Countywide voting centers could come to Tarrant County


The right way to use an early voting machine

Here is a brief lesson in the best way to use the electronic voting machines used within the Tarrant County early voting places. A former election administrator explains the system. (Star-Telegram/Rodger Mallison)

Here’s a brief lesson in methods to use the electronic voting machines used in the Tarrant County early voting places. A former election administrator explains the system. (Star-Telegram/Rodger Mallison)

A plan some say might make voting simpler on Election Day is on the drawing board in Tarrant County.

Elections Administrator Heider Garcia plans to talk about voting facilities in the coming weeks. The facilities would let voters forged ballots at any polling place within the county as quickly because the November election.

Voters already might vote at their selection of polling sites during early voting. This may permit the identical on Election Day.

“It makes it straightforward for individuals,” Garcia stated. “You possibly can vote anyplace, identical to in early voting.”

Garcia plans to detail the potential for switching to vote centers during a collection of city corridor conferences that run from April 17-30.

This strategy, which might still embrace a paper path for voters who want one, is geared to economize, increase voter turnout and make voting simpler by not locking voters in to only one polling place, he stated.
Attainable drawbacks embrace confusion, individuals heading to their once-conventional voting sites that could possibly be closed and a change within the general voting expertise, in accordance with the Nationwide Conference of State Legislatures.

State Rep. Stephanie Klick, R-Fort Value, has filed a invoice to stop vote facilities in counties with a inhabitants of larger than four hundred,000. Tarrant County has a inhabitants of greater than 2 million.

“In the upcoming 2020 election, you’re going to have voters utilizing new gear,” she stated. “It’s going to take them longer to forged their ballots. Additionally, we are dropping straight ticket voting, so in greater counties with longer ballots, it’ll take voters longer to vote.”
Klick stated her proposal, House Bill 4048, would grandfather in any counties that have already got converted to voting facilities. The measure is scheduled for a listening to earlier than the Home Elections Committee Monday.

Texas lawmakers have till the top of their legislative session, Might 27, to move laws.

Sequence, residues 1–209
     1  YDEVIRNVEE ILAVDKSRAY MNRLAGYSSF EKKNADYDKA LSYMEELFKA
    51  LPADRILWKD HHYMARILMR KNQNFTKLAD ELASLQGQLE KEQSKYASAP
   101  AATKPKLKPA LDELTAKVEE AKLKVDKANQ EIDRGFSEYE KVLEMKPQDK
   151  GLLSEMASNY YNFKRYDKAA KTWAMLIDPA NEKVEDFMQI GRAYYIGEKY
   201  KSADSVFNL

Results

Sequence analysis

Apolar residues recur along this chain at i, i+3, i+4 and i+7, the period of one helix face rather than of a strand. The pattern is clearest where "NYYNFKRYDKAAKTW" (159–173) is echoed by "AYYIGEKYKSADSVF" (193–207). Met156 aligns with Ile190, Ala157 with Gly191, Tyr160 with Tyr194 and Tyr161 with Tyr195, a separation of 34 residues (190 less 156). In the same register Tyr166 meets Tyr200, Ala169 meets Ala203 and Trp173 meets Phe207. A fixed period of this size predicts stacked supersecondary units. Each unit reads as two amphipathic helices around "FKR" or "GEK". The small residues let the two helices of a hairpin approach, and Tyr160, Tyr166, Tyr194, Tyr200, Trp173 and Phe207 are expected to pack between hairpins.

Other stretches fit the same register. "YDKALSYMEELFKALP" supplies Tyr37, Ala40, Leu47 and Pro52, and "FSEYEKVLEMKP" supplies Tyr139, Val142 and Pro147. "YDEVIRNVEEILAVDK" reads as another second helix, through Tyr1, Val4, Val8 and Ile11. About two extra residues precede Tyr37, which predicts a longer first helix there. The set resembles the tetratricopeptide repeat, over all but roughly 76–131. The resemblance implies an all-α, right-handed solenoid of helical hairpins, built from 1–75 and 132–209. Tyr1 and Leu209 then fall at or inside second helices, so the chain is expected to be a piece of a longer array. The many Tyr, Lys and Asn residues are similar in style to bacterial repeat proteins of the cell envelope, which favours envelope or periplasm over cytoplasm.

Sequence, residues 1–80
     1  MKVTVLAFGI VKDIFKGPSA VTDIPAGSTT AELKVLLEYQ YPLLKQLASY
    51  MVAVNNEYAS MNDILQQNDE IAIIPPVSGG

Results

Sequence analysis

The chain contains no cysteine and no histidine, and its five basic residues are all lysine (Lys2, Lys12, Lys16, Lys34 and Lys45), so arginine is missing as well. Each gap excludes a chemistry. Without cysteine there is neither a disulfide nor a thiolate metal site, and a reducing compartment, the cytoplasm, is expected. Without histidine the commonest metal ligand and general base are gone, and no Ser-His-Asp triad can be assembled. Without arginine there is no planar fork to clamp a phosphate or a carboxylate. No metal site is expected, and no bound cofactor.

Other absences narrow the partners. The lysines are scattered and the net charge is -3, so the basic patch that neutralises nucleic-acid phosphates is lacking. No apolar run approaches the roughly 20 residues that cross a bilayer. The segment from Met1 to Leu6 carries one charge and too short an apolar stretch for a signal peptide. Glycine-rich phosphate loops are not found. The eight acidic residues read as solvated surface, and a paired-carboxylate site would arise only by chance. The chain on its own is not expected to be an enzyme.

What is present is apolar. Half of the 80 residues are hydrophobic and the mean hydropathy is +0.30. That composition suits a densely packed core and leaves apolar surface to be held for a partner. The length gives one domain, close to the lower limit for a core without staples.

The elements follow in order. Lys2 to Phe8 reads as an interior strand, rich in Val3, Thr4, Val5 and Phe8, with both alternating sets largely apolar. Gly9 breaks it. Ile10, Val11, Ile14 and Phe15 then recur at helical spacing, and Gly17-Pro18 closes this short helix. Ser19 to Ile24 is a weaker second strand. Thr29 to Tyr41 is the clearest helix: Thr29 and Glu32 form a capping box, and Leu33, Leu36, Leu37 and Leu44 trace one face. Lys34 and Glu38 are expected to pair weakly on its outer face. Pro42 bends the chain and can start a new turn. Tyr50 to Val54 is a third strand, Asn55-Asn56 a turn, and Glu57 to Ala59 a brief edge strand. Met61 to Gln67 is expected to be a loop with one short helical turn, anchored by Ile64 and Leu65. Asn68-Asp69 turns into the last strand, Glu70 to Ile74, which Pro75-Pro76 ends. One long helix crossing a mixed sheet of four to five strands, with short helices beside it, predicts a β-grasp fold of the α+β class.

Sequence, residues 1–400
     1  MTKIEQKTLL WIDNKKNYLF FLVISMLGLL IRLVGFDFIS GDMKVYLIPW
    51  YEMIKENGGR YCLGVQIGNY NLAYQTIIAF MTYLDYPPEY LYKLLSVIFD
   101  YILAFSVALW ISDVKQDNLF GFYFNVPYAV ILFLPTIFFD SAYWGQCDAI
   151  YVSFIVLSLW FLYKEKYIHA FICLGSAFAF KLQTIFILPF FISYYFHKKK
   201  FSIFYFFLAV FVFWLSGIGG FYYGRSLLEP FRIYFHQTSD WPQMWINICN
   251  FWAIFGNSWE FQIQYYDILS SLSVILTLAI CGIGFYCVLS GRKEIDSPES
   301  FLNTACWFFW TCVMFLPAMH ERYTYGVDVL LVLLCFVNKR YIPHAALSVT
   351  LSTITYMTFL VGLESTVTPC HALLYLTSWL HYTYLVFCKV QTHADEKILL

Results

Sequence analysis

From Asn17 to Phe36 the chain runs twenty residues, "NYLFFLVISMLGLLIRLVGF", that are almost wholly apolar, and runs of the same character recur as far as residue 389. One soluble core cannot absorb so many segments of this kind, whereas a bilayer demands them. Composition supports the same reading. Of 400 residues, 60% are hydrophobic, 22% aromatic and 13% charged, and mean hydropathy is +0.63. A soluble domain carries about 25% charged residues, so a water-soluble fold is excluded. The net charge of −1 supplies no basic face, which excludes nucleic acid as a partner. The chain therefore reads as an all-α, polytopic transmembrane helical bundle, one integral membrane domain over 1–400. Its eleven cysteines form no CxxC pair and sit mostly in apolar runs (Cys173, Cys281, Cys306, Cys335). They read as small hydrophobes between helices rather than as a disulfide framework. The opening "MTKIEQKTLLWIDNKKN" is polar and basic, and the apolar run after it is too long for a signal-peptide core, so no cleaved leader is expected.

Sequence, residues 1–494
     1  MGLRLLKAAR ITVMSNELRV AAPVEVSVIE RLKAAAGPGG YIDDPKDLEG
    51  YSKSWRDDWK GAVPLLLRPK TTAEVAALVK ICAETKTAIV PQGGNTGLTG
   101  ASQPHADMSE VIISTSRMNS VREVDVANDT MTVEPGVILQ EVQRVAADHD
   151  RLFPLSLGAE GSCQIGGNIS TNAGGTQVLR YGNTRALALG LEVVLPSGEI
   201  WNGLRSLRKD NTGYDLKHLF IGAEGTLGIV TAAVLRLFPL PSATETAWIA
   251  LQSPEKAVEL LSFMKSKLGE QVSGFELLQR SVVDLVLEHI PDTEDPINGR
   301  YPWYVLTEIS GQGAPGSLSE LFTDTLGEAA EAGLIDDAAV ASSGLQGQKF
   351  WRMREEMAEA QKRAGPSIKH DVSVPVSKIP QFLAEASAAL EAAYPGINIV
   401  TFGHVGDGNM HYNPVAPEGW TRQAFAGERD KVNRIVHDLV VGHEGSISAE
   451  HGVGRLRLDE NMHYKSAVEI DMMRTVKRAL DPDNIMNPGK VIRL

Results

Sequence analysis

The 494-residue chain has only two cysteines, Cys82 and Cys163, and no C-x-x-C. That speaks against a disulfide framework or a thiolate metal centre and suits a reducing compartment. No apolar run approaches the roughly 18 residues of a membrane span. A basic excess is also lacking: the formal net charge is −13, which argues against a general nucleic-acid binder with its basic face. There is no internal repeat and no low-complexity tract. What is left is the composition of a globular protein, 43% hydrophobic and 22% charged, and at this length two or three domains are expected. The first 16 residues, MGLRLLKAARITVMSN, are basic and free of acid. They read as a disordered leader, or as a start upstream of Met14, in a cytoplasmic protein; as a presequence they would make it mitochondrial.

Voting facilities

A proposal to modify to vote facilities would have to be permitted by Tarrant County officials and the state of Texas earlier than it might go into effect.

It will go hand-in-hand with a plan for brand spanking new voting gear that already is underway, Garcia stated.

County commissioners last yr stated they needed to ensure vote centers would not get rid of paper trails on Election Day. Garcia stated he’s taking a look at know-how that may let individuals forged ballots on a contact display then print them out on paper to assessment earlier than casting their ballots.

Sometimes, there are round 360 polling sites on Election Day.

Switching to vote centers and eliminating some voting sites which might be close to each other might drop that number to 280 to 300 websites, Garcia stated.

A residents advisory committee has been learning the difficulty and reviewing plans since last yr.

Town Halls

6 p.m. April 17, Northeast Courthouse, 645 Grapevine Highway, Hurst.

6 p.m. April 18, Arlington Sub-Courthouse, seven hundred E. Abram St., Arlington

5:30 p.m. April 23, Lake Value Exercise Middle, 7005 Charbonneau Street

6 p.m. April 29, Resource Connection, Magnolia Room, 2300 Circle Drive, Fort Value

6 p.m. April 30, Vernon Newsom Stadium, group room, 3700 E. Broad St., Mansfield

“I will inform individuals this is what vote centers are, this is how they work, get suggestions and see what individuals assume,” he stated. “If the whole lot strains up and is authorised, we hope we might do this in November.”

Associated stories from Fort Value Star Telegram

Anna M. Tinsley grew up in a journalism family and has been a reporter for the Star-Telegram since 2001. She has coated the Texas Legislature and politics for more than 20 years and has gained a number of awards for political reporting, most lately a third place from APME for deadline writing. She is a Baylor University graduate.






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